This food court stall, among the best

My previous post on a F&B chain with more than 10 outlets sound depressing. Alright. Let’s talk about something brighter.

This business sells BBQ chicken at food court in a very popular shopping mall. Cost per meal is at least $6. The first time I tried it, I fell in love. No wonder the queue is always so long.

One day, in morning with no crowd yet, I was the first few customers and I chatted with the staff. The friendly staff told me that in typical weekday, they sold 400-500 plates of chicken. In weekend, they could sell 600-700 plates. I was impressed. One evening, I had dinner there around 10pm. Being the last few customers, I looked at the receipt, which has a running number of transactions for the day. It showed 500+ on that Thursday. The other time on weekend, the receipt showed 600+.

So, let’s make this assumption:

Weekdays 500 meals, weekend 600 meals.
The cheapest meal cost $6. Some menu items cost $7-$9. Some add $1 for extra ingredients. So, let’s take an average $7 per transaction.

Meals for 1 month (30 days): 22 weekdays x 450 meals + 8 weekend * 600 meals = 14,700 meals.

Cost per meal: $7
1 month revenue = 14700 * 7 = $102,900.

Since the food tastes so good, I assume they use more expensive ingredients. Assume the cost of food per meal is 40%, or $2.80 (I really dont know this cost, but let’s make some assumption).

1 month cost of food = 40% x $102,900 = $41,160.

Gross Profit = $61,740

Fixed cost:

Rental: $18,000
Salary: 3 x $2000 = $6000 (Staff salary includes CPF, exclude the owner’s salary)
Miscellaneous = $1500
Total Fixed cost = $25,500

Operating Profit = $36,240 per month

Operating profit margin = ~35.2%

Does that sound very high to you? It sounds very high to me! That’s yearly profit of more than $350k after tax! More than what a director earns in many companies.

Let’s revisit our assumptions. 

Meals: This is based on what the staff said, verified by the numbers of transaction showing on the receipt. In fact, some transactions are serving 2-3 meals. I didn’t factor this in. The queue is always long during lunch/dinner time, so much better than all other stalls. So, the assumption on the number of meals look alright to me. Since we want to be more conservative, let’s assume the number of meals served is 10% lower. So meals for 1 month is 13,000.

Price: Minimum price is $6 and we are assuming $7 on average because some menu items are more expensive and some customers add extra ingredients. Ok, let’s be conservative again. Assume the price is $6.50.

Therefore, 1 month revenue = 13000 * 6.5 = $84,500.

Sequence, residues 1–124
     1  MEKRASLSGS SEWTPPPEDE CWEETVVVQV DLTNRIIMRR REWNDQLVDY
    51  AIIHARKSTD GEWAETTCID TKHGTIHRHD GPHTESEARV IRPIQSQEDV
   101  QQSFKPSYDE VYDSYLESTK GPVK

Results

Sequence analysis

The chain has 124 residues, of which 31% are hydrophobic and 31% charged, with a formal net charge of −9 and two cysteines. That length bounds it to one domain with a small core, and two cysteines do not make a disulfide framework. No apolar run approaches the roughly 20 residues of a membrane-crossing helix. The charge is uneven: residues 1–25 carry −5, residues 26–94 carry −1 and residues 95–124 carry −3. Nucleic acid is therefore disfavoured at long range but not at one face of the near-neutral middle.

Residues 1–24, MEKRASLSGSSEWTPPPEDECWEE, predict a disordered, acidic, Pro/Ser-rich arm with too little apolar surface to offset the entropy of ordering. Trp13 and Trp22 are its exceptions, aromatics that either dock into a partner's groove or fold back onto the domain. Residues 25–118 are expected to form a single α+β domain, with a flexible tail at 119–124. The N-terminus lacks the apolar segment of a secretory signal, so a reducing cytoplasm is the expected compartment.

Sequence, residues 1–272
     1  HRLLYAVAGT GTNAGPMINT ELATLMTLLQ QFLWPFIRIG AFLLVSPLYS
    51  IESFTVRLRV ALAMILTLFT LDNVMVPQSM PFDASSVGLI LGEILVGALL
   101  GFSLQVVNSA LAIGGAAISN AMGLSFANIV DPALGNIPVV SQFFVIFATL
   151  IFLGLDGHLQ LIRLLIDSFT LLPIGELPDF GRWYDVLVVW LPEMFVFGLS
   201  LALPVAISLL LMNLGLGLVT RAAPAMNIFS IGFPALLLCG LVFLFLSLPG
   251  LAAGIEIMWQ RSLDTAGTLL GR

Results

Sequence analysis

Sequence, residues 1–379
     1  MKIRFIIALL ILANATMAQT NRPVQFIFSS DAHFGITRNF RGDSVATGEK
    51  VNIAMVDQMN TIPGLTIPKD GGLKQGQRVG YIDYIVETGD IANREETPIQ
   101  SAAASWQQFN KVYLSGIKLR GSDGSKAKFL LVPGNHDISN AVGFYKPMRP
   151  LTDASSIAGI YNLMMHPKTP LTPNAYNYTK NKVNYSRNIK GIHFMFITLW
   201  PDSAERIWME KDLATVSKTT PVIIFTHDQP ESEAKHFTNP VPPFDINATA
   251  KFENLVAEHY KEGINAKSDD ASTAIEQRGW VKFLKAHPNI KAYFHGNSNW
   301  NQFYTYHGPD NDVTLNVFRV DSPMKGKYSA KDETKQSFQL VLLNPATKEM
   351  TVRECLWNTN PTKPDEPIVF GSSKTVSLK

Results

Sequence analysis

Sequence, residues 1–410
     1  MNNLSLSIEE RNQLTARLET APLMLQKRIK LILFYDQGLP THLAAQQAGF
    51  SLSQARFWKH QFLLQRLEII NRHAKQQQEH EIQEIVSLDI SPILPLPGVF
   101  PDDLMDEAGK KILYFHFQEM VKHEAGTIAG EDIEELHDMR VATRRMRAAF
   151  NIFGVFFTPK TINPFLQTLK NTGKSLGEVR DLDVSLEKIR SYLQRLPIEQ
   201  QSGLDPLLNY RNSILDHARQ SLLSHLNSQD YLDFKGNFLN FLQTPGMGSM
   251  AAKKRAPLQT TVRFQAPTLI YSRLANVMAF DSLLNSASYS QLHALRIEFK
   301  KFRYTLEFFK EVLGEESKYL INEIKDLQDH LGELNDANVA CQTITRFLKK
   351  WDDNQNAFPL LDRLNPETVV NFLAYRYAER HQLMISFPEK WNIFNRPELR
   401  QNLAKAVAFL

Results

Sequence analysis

Cost of food: Maybe my 40% assumption is too low. Let’s make it 50%. This means cost per meal is $3.25, which is quite high to me considering that $3.25 can let you buy a full meal at hawker centre. Ok, let’s assume cost of food is indeed 50% of price.

So, gross profit drops to $42,250. (nearly 20k drop)

Rental: let’s assume $20k for such popular mall.
Salary: assume 4 staff instead of 3. So, total salary $8000.
Miscellaneous: assume $2000.
Hence, total fixed cost = $30,000. (this is very high, considering that some hawker stalls have revenue of $30k a month)

With this higher cost assumption, operating profit is still $12,250Net profit after tax of $122k a year. Better than a manager at many companies.

So, with more conservative assumption, the profit of this food court stall is $12k a month. With more aggressive assumption, the profit is $36k a month. If we take somewhere in the middle, that’s $24k a month!

This is way better than the profit of F&B chain with more than 10 outlets I described in my previous post. That F&B chain will look more glamorous from outside: well renovated, have its own brand and concept, more than 10 outlets, employ more than 80 people, approaching $10 million of revenue. If you are given a choice, will you choose to run this food court stall or that F&B chain?

Why is the profit so high?

Mainly because the number of meals served is very high. That’s why I consider this food court stall among the best performing. I’m sure there are others doing even better than this one. They are probably among the best performing 5% of food court stalls in Singapore. In many businesses, when you are among the best 5% performing, your profitability is usually very high. That applies to salaried jobs too.

If you have a great recipe, try it with the people around you. If locals like it, then you’ve got a potential. If you own a business like above, you are on course to be a millionaire in few years. If you open a few stalls in different malls (above business did), you can retire really early. It’s recession proof by the way. During recession, people may cut down their visits to restaurants, but you are already running in food court. You don’t have to worry about GDP growth, unemployment rate, competition for jobs, retrenchment, upgrading your skills, etc. Rising rental can hurt you, but not as much as those stalls with lower profit. Labor squeeze can hurt you but with your high profitability, just pay extra few hundred dollar to retain your staff.

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